Home prices climbed 16 percent year-over-year in February to an all-time high of $389,500 as the number of homes for sale fell to a new low, according to a Redfin report. The lack of inventory is holding back home sales, which were down 4 percent month-over-month, according to Redfin.
“An acute shortage of homes for sale continues to stymie buyers in the current market,” Redfin Chief Economist Daryl Fairweather said in a release. “Rather than dropping out of the housing market, homebuyers only seem to be getting even more voracious, driving prices up at a startling clip. Typically, rising mortgage rates weaken demand for homes. We don’t see demand weakening yet, but we will be watching to see if buyers back off or remain steadfast amidst rising borrowing costs.”
Median sale prices increased year-over-year in all but one of the 88 largest metro areas Redfin tracks: Bridgeport, Conn., where home prices fell 6 percent. The largest price increases were in North Port, Fla. (+29 percent), Phoenix (+28 percent) and Las Vegas (+28 percent).
Seasonally adjusted home sales in February were down 7 percent month-over-month and down 6 percent year-over-year. The biggest sales declines were in Rochester, N.Y. (-27 percent), Anaheim, Calif. (-21 percent) and Albany, N.Y. (-20 percent). The largest gains were in Houston (+22 percent), McAllen, Texas (+16 percent) and Tulsa, Okla. (+10 percent).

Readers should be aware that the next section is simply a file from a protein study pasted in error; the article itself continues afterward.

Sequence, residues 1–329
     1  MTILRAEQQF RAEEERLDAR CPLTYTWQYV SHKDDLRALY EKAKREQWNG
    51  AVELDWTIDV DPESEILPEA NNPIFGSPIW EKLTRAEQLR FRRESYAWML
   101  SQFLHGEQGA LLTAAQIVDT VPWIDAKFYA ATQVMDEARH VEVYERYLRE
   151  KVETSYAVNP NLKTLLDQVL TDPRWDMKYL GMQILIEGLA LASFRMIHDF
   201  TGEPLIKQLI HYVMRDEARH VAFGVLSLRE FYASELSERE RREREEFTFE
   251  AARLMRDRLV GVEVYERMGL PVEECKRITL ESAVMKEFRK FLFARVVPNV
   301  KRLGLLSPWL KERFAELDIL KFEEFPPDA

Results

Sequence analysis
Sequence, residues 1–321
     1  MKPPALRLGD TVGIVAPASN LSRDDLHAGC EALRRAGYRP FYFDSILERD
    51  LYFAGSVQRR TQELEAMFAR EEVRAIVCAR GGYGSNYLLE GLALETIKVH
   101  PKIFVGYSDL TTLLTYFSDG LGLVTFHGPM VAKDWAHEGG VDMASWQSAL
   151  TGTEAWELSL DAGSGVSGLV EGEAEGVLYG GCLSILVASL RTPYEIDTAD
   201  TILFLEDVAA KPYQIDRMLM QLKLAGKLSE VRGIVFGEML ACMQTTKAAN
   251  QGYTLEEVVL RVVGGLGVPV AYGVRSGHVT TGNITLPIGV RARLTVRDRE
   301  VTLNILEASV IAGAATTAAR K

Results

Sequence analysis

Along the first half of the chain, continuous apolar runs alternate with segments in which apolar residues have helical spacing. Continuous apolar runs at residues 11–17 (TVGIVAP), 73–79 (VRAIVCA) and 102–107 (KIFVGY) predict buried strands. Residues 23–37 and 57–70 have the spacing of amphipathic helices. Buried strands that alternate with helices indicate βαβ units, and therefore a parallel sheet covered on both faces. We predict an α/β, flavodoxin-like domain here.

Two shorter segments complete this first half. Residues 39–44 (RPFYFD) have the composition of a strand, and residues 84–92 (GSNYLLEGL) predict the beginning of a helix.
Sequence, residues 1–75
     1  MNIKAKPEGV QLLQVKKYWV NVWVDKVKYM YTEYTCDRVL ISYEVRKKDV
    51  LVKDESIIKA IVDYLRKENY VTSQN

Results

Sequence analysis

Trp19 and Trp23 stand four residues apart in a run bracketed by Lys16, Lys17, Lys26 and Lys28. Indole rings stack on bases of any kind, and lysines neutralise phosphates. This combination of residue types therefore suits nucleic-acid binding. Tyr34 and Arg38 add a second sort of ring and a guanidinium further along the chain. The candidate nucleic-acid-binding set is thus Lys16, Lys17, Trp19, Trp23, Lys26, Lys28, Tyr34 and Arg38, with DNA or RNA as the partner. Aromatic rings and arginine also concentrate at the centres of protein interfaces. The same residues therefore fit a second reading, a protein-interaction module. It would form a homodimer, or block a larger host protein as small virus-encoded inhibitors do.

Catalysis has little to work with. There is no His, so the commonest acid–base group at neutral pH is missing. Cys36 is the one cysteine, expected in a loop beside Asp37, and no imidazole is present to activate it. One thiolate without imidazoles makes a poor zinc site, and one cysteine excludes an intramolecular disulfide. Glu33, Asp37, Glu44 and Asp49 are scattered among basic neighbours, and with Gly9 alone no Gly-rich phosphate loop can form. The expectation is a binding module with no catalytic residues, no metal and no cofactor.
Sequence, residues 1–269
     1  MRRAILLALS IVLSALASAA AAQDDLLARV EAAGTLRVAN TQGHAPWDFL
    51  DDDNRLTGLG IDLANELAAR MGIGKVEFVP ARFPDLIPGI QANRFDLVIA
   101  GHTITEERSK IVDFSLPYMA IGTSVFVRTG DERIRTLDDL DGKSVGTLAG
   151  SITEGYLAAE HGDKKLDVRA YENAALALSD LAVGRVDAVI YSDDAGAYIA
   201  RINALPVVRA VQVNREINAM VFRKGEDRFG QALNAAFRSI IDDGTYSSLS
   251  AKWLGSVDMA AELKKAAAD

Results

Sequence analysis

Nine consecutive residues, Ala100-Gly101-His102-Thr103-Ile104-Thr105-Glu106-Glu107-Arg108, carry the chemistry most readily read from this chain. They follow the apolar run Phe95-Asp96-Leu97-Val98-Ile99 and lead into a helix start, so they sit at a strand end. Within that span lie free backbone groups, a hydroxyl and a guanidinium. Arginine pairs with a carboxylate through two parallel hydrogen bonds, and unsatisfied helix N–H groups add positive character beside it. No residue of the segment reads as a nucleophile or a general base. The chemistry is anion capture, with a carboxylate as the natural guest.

Seasonally adjusted active listings (homes for sale at any time during the month) fell 14 percent year-over-year to an all-time low in February. The only metro areas where the number of homes for sale increased were Elgin, Ill. (+22 percent), Detroit (+8 percent), Chicago (+5 percent) and Austin, Texas (+2 percent). The biggest year-over-year declines in active housing supply in February were in Greensboro, N.C. (-43 percent), Allentown, Pa. (-41 percent) and Fort Lauderdale, Fla. (-38 percent).
The largest declines in new listings in February were in Allentown, Pa. (-41 percent), Greensboro, N.C. (-39 percent) and Charlotte, N.C. (-23 percent). Listings rose the most in New York (+19 percent), Memphis, Tenn. (+17 percent) and Houston (+17 percent).
The typical home that sold in February went under contract in 25 days, eight days faster than a year earlier and the shortest time on market ever for a February. Nearly half (47 percent) of homes sold above list price, up 11 percentage points year-over-year and 5 points from month-over-month to the highest level seen in February.
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